Saturday, May 17, 2008

Heads I win, tails you lose

Lurking dangers

After a few years of conscientious blogging about chess only I hope you don't mind some off topic rant.

I have been thinking a lot about the phenomenon confirmation bias lately. It is very worthwhile to read the article of Wiki aboout this. If you want something to be true, you ignore reality and you only see what confirms your ideas. There is a sort of buffering what excludes non confirming ideas from entering alltogether.

The effect is also known as belief bias, belief preservation, belief overkill, hypothesis locking, polarization effect, positive bias, the Tolstoy syndrome, selective thinking, myside bias, Plate pick-up and Morton's demon.

Alternately, Murphy's Law of Research dictates that "Enough research will tend to support your theory."

A few years ago Margriet and I stayed at a chess camping in France. There was a guy from Belgium. In Belgium they have a language border. Everybody who is not from Belgium cannot imagine what that is. This guy was from the French speaking side. The enemy speaks Dutch. Since he knew we were from the Netherlands, he spoke Dutch to us. We had a good contact with him and we played a lot of games. After two weeks we decided to ask him about the language border, since inquiring minds need to know. All of a sudden he started to speak French and he pretended that he couldn't understand Dutch. Margriet and I were quite perplexed. No matter what we said, he refused to talk Dutch anymore.

Confirmation bias seems to be based on emotions. Those emotions prevent logical thinking. There are quite a few problems with this:
  • The truth is denied
  • Any attempt from outside to adress logical reason is placed in the camp of the enemy
  • Logic reason is replaced by emotions.
  • Emotions are more powerfull than logical thoughts.
  • Emotions are much faster than logical thoughts.
  • It is contageous.
  • It is incomprehendsible for outsiders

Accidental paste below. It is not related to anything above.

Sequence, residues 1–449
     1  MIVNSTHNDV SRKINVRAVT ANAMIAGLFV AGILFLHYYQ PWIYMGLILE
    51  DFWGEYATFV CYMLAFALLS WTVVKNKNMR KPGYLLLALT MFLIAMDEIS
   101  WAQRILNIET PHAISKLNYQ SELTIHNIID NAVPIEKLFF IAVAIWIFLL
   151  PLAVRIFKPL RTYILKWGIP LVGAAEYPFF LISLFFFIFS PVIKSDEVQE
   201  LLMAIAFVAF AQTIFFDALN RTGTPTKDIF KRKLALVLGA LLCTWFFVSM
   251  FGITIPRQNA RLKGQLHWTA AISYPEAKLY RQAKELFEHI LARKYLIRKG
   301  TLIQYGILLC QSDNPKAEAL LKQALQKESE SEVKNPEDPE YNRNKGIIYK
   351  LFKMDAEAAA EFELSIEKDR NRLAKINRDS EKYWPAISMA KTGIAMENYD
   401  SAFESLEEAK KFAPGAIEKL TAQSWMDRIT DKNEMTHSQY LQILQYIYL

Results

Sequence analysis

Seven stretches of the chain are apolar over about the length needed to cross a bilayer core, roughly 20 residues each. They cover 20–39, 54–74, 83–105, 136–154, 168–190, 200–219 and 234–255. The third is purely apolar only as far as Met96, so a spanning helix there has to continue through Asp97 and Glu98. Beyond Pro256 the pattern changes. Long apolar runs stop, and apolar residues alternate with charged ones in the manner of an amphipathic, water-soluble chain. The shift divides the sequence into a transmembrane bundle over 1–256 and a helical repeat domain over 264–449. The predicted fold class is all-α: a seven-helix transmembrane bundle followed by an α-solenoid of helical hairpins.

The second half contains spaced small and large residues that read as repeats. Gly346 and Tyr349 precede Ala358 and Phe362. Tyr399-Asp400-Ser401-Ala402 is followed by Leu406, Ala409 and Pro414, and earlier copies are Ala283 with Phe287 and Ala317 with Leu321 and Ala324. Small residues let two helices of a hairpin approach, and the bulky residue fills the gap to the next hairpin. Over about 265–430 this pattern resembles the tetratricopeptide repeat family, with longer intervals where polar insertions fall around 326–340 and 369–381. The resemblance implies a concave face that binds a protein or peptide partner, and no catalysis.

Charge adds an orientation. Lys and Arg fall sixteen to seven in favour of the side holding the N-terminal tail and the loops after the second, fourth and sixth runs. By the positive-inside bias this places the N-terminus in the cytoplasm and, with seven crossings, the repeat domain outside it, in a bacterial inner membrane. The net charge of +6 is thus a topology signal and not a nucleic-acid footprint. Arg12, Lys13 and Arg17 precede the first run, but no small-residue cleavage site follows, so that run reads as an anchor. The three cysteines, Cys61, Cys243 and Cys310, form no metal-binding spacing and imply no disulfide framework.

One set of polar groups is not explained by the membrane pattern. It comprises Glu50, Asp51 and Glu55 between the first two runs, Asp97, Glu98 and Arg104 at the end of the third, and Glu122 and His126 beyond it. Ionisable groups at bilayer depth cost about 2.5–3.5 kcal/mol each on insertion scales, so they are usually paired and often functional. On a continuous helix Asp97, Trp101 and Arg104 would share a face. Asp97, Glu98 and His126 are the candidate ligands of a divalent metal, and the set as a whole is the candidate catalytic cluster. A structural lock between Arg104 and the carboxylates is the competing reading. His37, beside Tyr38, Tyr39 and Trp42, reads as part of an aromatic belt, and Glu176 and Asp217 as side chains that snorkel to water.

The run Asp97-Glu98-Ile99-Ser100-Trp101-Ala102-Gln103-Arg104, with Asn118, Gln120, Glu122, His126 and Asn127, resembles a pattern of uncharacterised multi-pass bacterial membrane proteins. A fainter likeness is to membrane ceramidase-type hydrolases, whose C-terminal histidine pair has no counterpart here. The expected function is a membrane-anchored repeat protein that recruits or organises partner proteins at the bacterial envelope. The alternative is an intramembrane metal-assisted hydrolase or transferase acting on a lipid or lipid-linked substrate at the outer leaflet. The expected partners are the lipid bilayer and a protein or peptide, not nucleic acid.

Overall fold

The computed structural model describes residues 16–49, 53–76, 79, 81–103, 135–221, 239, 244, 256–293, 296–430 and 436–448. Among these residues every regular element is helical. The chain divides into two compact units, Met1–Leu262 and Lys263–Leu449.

Confirmation bias seems to be very common. So common that we tend to deny that it effects us. Which in itself is an example of confirmation bias.

The Belgium language war suffices all criteria above.
To me it seems that confirmation bias is the root of all wars, quarrels and misunderstandings. I'm very surprised there is so little scientific interest for such life influencing problem.

Everywhere where you see something incomprehendsible in social or political relations you can be sure that confirmation bias is the root. Take the following examples:

  • The lauguage barrier in Belgium.
  • The Chinese ambassador in our country once said: I would rather give up an arm than to lose Taiwan.
  • Denial of the Armenian genocide by Turkey.
  • Claiming of Cyprus by both Greece and Turkye.
  • Claiming of the Kuril Islands by both Russia and Japan.
  • The claiming of Tibet by China.
  • The problems of muslims with pictures of the Prophet.
These problems have in common that they are quite incomprehendsible for outsiders and there are a lot of emotions involved.

I have taken great pains to find out what the confirmation bias was of the Germans in WWII. To that end I read mein Kampf from Hitler. The main idea was that the Germans were something special. Übermenschen. To us, who live next door to them, such idea would only give rise to risibility. If we think about Übermenschen, the Germans wouldn't be in the top ten at all. But no matter how illogical and ridicule the ideas are, they proved to be very contageous.

The problem is that outsiders tend to take such ideas not serious, since they are so illogical and they can't imagine anything by the triggered emotions. But taking the ideas not serious can be quite dangerous, as history has proved. Confirmation bias is a highly contageous illness that can even influence those who try to prevent contamination. Before 9-11 I had no opinion at all about Muslims, what's more, I didn't wanted to have one. Due to Bin Laden I now have an opinion about them. Which was his goal. Confirmation bias causes polarization into two opposite camps. The ideas in both camps are necessarily biassed.

On smaller scale the same happens. Take for instance the confirmation bias of people towards Elizabeth Vicary. People drawing conclusions based on non existing facts.